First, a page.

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01-27-2006, 09:34 PM
Post: #8
 
Dear all,
There are two methods of accounting being following by NGOs, Trusts etc in Pakistan, One the accrual basis of accounting and second cash basis of accounting,
If the accrual basis is being followed then it will present the Balance Sheet and Income and Expenditure Account (together with the notes), It will be capitalizing its fixed assets and allocate the depreciation charge on yearly basis follwoign the matching concept.

If the cash basis of accounting is being followed then only 'Receipt and Payment Account' (together with the notes) will be prepared, irrespective of nature and volume of payments. The NGO will simply show the outflow of cash for the fixed assets purchased during the a particular period.

Thanks,

SMR
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01-29-2006, 01:12 AM
Post: #9
 
<blockquote id="quote"><font size="1" face="Verdana, Tahoma, Arial" id="quote">quote<hr height="1" noshade id="quote"><i>Originally posted by smraza</i>
<br />Dear all,
There are two methods of accounting being following by NGOs, Trusts etc in Pakistan, One the accrual basis of accounting and second cash basis of accounting,
If the accrual basis is being followed then it will present the Balance Sheet and Income and Expenditure Account (together with the notes), It will be capitalizing its fixed assets and allocate the depreciation charge on yearly basis follwoign the matching concept.

If the cash basis of accounting is being followed then only 'Receipt and Payment Account' (together with the notes) will be prepared, irrespective of nature and volume of payments. The NGO will simply show the outflow of cash for the fixed assets purchased during the a particular period.

Thanks,

SMR
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AoA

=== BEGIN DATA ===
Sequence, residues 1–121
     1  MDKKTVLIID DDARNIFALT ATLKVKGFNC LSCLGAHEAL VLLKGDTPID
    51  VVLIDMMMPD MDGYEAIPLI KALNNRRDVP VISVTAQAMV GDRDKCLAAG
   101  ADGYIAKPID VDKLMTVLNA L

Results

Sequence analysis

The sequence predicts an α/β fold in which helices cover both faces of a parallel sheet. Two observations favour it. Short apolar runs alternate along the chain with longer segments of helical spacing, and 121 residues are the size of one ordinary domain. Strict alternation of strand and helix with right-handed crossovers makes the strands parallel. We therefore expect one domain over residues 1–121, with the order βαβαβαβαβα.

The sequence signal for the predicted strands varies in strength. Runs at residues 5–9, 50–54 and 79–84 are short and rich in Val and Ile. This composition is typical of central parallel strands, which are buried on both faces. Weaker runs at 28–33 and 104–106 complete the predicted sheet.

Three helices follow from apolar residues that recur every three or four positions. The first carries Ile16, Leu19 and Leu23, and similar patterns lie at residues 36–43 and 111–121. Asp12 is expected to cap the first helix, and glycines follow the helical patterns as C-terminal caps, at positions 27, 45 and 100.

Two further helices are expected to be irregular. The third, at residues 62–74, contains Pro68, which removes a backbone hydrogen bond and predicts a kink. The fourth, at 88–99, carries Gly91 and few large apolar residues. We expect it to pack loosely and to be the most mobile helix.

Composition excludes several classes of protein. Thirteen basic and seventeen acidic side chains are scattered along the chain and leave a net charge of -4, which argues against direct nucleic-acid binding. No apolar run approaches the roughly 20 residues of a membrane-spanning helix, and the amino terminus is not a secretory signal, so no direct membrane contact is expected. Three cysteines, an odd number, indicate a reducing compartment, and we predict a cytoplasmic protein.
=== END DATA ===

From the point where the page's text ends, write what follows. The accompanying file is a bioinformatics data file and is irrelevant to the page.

If the NGO is duly registered under section 42 of the Companies Ordinance, 1984 then the NGO shall be construed as 'company' for the purpose of applicability of the provisions of Companies Ordinance, 1984 with modification where specified.

It means that NGO registered under section 42 of the Companies ORdinance, 1984 has no option whether to follow accrual basis or cash basis of accounting. NGO shall follow accrual basis of accounting by following IFRS pursuant to provisions of the Companies Ordinance, 1984.

NGOs not registered under section 42 of the Companies Ordinance, 1984 have option whether to follow accrual basis or cash basis of accounting.

And I think the original question raised by Mr. Zahid relates to implication/penalties if the NGO do not follow requirments of IFRS.
Implications have been explianed earlier, (which shall apply only on NGO registered under section 42). Other NGOs following cash basis and are not registered under the Ordinance have no status of 'a company'.

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01-30-2006, 04:33 AM
Post: #10
 
So the question is Zahid, is the NGO under discussion registered under section 42 of the CO oridnance ??

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02-01-2006, 07:44 PM
Post: #11
 
I think this discussion has made it amply clear thank you

Zahid